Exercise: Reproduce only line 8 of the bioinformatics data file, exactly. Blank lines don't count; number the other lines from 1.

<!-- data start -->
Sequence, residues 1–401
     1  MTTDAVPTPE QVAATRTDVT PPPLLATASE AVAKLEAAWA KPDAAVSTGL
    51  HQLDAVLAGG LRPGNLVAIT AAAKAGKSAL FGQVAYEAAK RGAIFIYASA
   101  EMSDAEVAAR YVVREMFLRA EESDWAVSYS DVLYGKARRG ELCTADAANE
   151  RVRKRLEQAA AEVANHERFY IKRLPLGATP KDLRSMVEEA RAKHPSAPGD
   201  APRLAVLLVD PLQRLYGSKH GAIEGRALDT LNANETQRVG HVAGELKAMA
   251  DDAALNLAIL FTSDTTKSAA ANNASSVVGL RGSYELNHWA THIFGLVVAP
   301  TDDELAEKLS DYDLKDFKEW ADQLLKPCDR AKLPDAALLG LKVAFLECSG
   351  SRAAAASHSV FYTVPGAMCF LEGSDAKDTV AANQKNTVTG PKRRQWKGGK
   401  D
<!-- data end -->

   301  TDDELAEKLS DYDLKDFKEW ADQLLKPCDR AKLPDAALLG LKVAFLECSG